My father is long gone, alas — he was born in 1916, and I was the product of his second, much later marriage, which lasted for the rest of his life. The older I got, the more interesting that whole divorce-ranch business started seeming to me, though the world at large seems to have forgotten about this phenomenon. When I went to the Nevada Historical Society in Reno to look for some trace of my father’s time there, I didn’t find any mention of him. Which honestly didn’t surprise me, given the transient nature of the job and the fact that he was really no more than a glorified ranch hand. But it did help me understand better what his time there might have been like
From the Bottom-in-Midsummers-Night-Dream costume to the fairy outfit to the cowboy getup, many characters in Better Luck Next Time spend part of the story in costume, disguised as something other than what they are. What role do costumes and make-believe play in the novel?
I’m not sure they’re always playing at being something they aren’t. I thought or hoped anyway, that those costumes were working more symbolically. Nina, for example, loves that fairy costume, and by the time the story is all over she’s something of a fairy godmother. And that papier mâche ass’s head that gets passed from character to character sets up one of my favorite jokes in the book: When a child of one of the would-be divorcées puts it on, Nina comments drily that the kid is looking more like her father every day.
What’s also great about wearing masks, too, is that it seems to unloose a person’s id. (Or at least they did, in the Before Times, when everybody had to start wearing masks to protect.) On a practical level, also, I needed masks to disguise the identity of the characters from time to time — two of the characters entering a dance early on in the in masks, for example — so I had to figure out a way to work masks in.
Let me tell you how those particular ones got chosen. When I was starting out, I wanted to name one of my characters after a bookseller who’d been particularly lovely to me. Back then, Portia — a name I encountered first in a Shakespeare play — borrowed her roommate’s car to help me move my son into his dorm room in Chicago. I thought naming a character for her would be a particularly nice way to show Portia my gratitude. Then I started thinking about my son’s costume when he played Bottom in A Midsummer Nights Dream in high school. Add to that a photograph I came across from a college production of some Shakespeare play put on at the college in Reno, and everything fell into place. Midsummer Nights Dream, of course, is about an idyll away from regular society. Perfect! So my characters steal costumes from the local college, and those costumes go from sight gags to sad metaphors by the time the story’s over. It’s sort of nutty how these things root in your imagination, isn’t it?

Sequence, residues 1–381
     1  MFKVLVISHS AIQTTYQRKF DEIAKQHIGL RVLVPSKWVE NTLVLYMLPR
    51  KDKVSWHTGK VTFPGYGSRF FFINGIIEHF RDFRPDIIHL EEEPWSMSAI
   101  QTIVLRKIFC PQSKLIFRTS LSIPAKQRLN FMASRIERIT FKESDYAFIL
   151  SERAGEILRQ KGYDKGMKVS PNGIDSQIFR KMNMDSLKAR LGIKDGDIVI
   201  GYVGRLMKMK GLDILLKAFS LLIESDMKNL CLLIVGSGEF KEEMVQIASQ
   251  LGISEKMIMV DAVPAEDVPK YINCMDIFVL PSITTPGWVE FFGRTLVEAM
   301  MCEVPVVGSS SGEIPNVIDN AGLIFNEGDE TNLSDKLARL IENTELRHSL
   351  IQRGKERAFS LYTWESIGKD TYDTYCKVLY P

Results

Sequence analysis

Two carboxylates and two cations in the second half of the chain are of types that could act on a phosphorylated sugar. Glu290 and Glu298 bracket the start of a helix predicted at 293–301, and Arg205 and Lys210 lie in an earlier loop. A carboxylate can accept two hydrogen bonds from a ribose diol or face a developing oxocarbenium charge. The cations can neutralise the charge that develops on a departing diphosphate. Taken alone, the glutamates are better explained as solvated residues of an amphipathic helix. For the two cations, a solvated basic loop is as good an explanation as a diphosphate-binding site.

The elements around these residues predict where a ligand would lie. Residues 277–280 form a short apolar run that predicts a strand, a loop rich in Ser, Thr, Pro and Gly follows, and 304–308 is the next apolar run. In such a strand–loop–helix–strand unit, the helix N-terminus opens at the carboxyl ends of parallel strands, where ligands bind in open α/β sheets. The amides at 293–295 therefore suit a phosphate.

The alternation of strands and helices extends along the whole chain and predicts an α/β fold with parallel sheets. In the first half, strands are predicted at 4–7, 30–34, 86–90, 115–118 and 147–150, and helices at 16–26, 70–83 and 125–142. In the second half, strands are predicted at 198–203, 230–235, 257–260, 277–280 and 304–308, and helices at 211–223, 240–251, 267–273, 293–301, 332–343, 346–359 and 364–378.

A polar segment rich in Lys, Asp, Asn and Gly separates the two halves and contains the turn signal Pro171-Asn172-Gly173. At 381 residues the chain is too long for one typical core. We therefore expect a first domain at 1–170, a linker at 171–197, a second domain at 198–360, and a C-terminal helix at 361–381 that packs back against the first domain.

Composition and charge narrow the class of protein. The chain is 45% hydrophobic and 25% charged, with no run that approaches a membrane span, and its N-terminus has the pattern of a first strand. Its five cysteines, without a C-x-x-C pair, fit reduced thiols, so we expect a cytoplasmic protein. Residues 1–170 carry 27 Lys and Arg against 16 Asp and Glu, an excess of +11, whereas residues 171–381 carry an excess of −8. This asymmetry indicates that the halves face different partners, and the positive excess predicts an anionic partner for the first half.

Most of the main characters have their own mode of transport that seem integral to their identities. Ward has Dumpling, the sweet old horse; Emily has the Pierce-Arrow: Nina, her airplane; Hugh the bicycle. Talk about how movement and transportation give definition to the characters and their personal journeys.
Before you said that, I hadn’t really thought about them being linked so much to their characters, except in the case of Nina and Ward. Nina is a woman born just a little before her time, so it makes sense that she’d be an aviatrix. As for Ward and Dumpling, it’s important to note that Dumpling wasn’t just any horse. He’s a gelding. Ward, you see, isn’t supposed to get involved romantically with the ladies on the ranch. So.
What I did love about all those modes of conveyance was the way each showed how quickly civilization was moving forward in the early part of the 20th century. The first chapter of my book starts with Ward saying, “I drove the stagecoach to the airport to pick up Nina.” And there’s another part, much later, when Ward says “A horse you might have gotten hung for stealing fifty years earlier was all but being given away in 1938.” Those juxtapositions really blew my mind.
Breakfast q: What’s the breakfast or brunch experience you’re the most excited for once things return to “normal’?
That’s easy — walking to the place up the block from me and having brunch with my friends. I am extremely gregarious, normally, but when I’m deep in a book, I cut myself off from society entirely — I don’t go anywhere or do anything, or even so much as chat on the phone because it takes me out of my creative bubble. Better Luck Next Time took three years to write, and in March, when I finished my final edits and was ready to emerge again, the whole world had gone into lockdown.
Better Luck Next Time is available now from Custom House. Buy it on Bookshop.
Oh, and PS. I use affiliate links for Bookshop!